A tale of iMessage on Android and of Apple opening source
Remember when iMessage might’ve been hot for Android this year? We did, too. And we didn’t forget about it. Apple might have decided against the idea of exporting what some might consider to be its most valuable user magnet because it would have driven customers away from valuable hardware buys when the company’s still at a tender stage to be making a hard transition to mobile service revenues as a balance sheet driver.
To wit, Apple is still a hardware company. It always has and, for the foreseeable future, it will continue to be.
But word is from Apple blogger John Gruber and his Daring Fireball blog that, at some point, designers inside One Infinite Loop tossed around mock-up designs for iMessage on Android. All of this signals that a translation was a real idea at some point. But, as evident by the lack of a launch announcement, just not now. Maybe not ever.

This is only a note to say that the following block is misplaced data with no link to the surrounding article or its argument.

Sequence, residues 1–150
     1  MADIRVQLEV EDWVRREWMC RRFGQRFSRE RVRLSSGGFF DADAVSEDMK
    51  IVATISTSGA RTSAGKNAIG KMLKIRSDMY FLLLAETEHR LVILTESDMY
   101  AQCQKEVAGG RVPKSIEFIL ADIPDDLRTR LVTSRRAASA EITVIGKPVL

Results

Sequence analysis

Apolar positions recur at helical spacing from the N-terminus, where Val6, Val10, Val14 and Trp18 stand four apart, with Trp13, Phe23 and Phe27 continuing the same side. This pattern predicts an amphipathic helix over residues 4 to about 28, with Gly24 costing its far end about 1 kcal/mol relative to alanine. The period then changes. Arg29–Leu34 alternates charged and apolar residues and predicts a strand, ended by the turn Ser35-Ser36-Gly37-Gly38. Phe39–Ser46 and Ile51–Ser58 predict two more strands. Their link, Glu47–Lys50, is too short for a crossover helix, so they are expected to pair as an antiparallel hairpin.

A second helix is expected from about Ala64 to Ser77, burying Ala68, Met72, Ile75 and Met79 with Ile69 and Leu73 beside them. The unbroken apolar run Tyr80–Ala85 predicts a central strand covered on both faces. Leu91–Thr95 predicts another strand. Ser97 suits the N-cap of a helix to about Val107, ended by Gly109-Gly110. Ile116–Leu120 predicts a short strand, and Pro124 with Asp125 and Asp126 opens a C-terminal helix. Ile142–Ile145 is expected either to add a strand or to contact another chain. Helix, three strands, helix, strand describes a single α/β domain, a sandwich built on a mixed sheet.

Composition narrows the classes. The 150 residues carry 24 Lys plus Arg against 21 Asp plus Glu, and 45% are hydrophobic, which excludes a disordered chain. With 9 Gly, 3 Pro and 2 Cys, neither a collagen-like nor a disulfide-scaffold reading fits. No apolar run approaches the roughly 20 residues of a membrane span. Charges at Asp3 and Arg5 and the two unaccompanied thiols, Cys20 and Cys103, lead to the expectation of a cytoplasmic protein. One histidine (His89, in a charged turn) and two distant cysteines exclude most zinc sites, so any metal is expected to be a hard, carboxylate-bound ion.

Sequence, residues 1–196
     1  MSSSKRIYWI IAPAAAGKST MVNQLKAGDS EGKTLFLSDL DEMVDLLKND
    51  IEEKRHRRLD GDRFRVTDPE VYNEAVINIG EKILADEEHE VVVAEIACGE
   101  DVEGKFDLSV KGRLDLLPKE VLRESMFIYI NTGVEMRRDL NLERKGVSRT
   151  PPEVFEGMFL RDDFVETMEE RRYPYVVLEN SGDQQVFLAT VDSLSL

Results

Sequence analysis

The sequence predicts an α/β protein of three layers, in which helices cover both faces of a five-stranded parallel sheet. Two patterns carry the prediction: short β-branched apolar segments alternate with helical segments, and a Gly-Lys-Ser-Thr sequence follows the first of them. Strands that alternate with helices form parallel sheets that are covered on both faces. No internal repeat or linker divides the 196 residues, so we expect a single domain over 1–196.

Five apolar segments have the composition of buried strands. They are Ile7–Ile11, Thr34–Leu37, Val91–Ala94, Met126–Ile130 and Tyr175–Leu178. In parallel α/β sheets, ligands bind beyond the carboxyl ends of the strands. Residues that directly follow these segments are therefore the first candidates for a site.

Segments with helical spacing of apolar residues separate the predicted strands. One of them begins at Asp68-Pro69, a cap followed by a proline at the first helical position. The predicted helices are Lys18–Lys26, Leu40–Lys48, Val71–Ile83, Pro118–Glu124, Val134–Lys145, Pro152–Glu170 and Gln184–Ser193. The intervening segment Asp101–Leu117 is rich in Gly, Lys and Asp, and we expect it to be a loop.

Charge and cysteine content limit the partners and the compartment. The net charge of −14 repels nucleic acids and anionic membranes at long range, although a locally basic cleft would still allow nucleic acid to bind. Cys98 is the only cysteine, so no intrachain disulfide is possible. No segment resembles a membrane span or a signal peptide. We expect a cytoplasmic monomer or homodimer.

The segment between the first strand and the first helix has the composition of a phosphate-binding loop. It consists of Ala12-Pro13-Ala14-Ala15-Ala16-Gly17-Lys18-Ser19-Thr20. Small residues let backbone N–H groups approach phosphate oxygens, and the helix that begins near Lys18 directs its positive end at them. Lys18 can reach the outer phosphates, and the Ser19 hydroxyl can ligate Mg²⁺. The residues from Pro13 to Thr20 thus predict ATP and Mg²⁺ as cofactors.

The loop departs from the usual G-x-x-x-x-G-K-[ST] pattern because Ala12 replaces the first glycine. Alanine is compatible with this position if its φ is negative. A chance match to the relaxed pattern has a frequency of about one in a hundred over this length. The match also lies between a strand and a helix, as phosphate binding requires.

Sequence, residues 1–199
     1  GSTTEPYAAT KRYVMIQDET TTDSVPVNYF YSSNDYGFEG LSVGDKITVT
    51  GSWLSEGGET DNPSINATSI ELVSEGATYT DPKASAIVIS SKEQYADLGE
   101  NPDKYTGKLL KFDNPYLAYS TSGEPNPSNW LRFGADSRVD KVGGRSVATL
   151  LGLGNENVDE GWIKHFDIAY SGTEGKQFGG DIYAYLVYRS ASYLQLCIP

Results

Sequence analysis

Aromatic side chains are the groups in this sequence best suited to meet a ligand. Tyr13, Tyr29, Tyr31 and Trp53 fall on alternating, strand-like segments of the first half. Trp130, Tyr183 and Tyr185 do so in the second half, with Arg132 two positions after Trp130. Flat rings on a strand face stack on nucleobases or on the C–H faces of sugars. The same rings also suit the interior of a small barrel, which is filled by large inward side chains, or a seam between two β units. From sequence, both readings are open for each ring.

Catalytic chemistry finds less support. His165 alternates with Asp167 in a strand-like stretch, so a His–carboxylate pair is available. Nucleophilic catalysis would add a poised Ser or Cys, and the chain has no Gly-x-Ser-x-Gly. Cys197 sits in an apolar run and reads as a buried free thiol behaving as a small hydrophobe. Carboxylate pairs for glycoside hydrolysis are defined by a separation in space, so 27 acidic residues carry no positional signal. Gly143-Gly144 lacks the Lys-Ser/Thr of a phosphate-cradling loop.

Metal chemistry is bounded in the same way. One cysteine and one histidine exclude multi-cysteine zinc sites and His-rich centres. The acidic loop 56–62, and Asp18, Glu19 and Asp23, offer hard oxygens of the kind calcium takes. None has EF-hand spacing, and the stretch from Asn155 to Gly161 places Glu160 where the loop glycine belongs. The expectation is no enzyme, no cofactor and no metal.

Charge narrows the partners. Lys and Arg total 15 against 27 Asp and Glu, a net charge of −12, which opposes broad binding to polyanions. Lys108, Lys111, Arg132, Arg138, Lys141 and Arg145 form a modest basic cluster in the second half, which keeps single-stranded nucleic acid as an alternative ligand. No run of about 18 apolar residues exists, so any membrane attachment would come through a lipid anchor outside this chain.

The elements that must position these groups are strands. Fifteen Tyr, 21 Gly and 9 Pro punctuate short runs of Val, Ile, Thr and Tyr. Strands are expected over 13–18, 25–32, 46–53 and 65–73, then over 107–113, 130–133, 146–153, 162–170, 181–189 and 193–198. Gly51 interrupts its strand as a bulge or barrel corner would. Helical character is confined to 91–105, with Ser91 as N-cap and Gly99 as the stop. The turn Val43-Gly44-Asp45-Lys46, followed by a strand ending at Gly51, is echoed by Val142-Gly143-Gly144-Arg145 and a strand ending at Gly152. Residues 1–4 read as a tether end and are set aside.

Apple has done a great job of driving up service revenue with new initiatives such as Apple Music and revised App Store policies. But it has done a bad job of making its consumer software pliable to as many interested parties as it possibly could.
Gruber also describes a point (often brought up by his readers) during WWDC 2010 when Steve Jobs announced out of the blue that FaceTime would be open for development when his designers and engineers worked under the mandate that it would be closed-source. Any hope of making it open would take years and was ultimately crushed by a patent lawsuit that forced Apple to further lock up FaceTime.
Whether Jobs’s desire to widen the appeal of Apple’s wares outweighs the company culture of wresting control and a series of unfortunate events for a test balloon project has yet to be determined — Infinite Loop is reportedly trying again outside of mobile with a salable autonomous car operating system in place of an autonomous car.